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EBioMedicine. 2019 Sep;47:58-64. doi: 10.1016/j.ebiom.2019.08.058. Epub 2019 Sep 5.

Determinants of impaired lung function and lung cancer prediction among never-smokers in the UK Biobank cohort.

Author information

1
Prosserman Centre for Population Health Research, Lunenfeld-Tanenbaum Research Institute, Sinai Health System, 60 Murray Street, M5T 3L9 Toronto, ON, Canada; Dalla Lana School of Public Health, Department of Public Health Sciences, University of Toronto, 155 College Street, M5T 3M7 Toronto, ON, Canada.
2
Department of Respiratory Medicine, Department of Medicine, University of British Columbia, 2775 Laurel Street, 7th floor, Vancouver V5Z 1M9, British Columbia, Canada; British Columbia Cancer Agency, 600 W 10th Ave, V5Z 4E6 Vancouver, British Columbia, Canada.
3
Prosserman Centre for Population Health Research, Lunenfeld-Tanenbaum Research Institute, Sinai Health System, 60 Murray Street, M5T 3L9 Toronto, ON, Canada; Dalla Lana School of Public Health, Department of Public Health Sciences, University of Toronto, 155 College Street, M5T 3M7 Toronto, ON, Canada. Electronic address: Rayjean.Hung@lunenfeld.ca.

Abstract

BACKGROUND:

Impaired lung health represents a significant burden on global health, including chronic obstructive pulmonary disease (COPD) and lung cancer. Given its global health impact, it is important to understand the determinants of impaired lung function and its relation to lung cancer risk independent of smoking. However, to date, no study has evaluated determinants of impaired lung function in a cohort exclusively of never-smokers, who also represent a growing proportion of all lung cancers.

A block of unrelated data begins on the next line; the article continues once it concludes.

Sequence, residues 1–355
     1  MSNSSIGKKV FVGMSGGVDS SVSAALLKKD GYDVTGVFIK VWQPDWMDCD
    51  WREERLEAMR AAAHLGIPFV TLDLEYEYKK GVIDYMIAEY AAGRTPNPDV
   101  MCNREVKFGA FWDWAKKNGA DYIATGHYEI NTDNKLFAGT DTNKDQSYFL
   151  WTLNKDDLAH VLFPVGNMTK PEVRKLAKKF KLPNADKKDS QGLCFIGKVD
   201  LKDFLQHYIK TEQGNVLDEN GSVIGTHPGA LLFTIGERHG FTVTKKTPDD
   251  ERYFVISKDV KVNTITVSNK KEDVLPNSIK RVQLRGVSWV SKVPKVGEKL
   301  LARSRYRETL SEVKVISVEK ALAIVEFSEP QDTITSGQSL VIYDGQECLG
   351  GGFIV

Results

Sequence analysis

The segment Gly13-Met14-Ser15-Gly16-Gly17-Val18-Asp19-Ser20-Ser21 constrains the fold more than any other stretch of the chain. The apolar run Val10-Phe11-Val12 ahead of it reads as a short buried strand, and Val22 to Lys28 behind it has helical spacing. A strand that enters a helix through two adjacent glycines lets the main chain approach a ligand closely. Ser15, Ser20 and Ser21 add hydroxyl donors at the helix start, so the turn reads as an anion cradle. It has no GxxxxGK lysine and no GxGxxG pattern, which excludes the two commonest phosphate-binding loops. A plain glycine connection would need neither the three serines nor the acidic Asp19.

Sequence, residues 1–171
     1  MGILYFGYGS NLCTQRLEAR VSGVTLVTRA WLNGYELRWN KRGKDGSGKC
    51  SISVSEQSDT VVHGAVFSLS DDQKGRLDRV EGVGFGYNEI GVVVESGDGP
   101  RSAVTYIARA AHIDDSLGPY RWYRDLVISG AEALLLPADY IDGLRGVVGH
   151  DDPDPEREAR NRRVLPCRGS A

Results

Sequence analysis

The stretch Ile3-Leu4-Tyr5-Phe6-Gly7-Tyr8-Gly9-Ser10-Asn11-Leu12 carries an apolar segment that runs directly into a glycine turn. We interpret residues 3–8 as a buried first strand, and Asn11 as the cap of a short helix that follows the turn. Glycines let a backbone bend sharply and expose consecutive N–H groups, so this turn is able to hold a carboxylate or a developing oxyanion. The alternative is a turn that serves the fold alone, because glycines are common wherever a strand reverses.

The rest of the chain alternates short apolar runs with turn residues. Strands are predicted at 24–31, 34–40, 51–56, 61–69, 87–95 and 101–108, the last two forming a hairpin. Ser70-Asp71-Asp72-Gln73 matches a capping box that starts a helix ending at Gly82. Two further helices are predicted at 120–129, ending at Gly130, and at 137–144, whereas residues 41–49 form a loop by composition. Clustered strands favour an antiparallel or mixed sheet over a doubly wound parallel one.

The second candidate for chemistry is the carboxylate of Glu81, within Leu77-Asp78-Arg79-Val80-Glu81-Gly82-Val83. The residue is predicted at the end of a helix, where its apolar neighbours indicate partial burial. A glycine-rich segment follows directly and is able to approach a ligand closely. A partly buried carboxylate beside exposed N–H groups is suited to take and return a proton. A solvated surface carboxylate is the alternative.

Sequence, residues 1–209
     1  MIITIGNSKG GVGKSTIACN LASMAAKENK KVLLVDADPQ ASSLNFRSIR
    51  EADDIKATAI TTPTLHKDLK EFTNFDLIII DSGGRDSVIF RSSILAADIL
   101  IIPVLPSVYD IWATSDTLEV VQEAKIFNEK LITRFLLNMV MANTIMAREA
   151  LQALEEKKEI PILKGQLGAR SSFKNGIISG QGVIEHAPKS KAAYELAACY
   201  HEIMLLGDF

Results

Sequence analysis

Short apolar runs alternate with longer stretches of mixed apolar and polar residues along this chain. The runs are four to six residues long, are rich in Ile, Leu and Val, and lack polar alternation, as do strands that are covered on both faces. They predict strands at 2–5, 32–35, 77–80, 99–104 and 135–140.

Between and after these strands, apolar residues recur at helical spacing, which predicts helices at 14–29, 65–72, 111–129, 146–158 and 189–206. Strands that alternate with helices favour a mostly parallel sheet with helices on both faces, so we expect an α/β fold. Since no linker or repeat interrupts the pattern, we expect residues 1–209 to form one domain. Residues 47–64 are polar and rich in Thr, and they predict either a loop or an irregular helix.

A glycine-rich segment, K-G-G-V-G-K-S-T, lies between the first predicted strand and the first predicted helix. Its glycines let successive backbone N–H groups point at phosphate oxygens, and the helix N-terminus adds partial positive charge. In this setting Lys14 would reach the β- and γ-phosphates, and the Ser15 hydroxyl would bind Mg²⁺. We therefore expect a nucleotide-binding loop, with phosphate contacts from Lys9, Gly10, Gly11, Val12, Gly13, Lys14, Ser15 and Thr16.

METHODS:

A total of 222,274 never-smokers with reproducible spirograms were identified in the UK Biobank population-based cohort and included in the analysis. Baseline volumetric measures of lung function, including forced expiratory volume in 1-s (FEV1) and forced vital capacity (FVC), were used to define lung function impairment. Determinants of impaired lung function were evaluated using Poisson regression with robust variance estimation. The added value of lung function in lung cancer prediction was evaluated using Fine and Gray regression accounting for the competing risk of all-cause mortality.

FINDINGS:

Lung function impairment was associated with low birthweight, ambient air pollution (PM2·5 μg/mm3), and overweight, after adjustment for other important risk factors. We observed modest improvement in discrimination by adding lung function to our lung cancer prediction model for never-smokers. The highest optimism-corrected AUC at 3 (0·700, 95% CI: 0·654-0·734) and 5 years (0·694, 95% CI: 0·658-0·736) included FEV1 (% of GLI predicted FEV1), while the highest AUC at 7 years was based on the inclusion of FEV1/FVC (0·722, 95% CI: 0·687-0·762).

INTERPRETATION:

We identified several modifiable risk factors associated with increased risk of lung function impairment among lifetime never-smokers in UKB. We achieved moderate discrimination for lung cancer risk-prediction for never-smokers, and found modest improvement with the inclusion of lung function. FUND: This study was supported by a Canada Research Chair to RJH.

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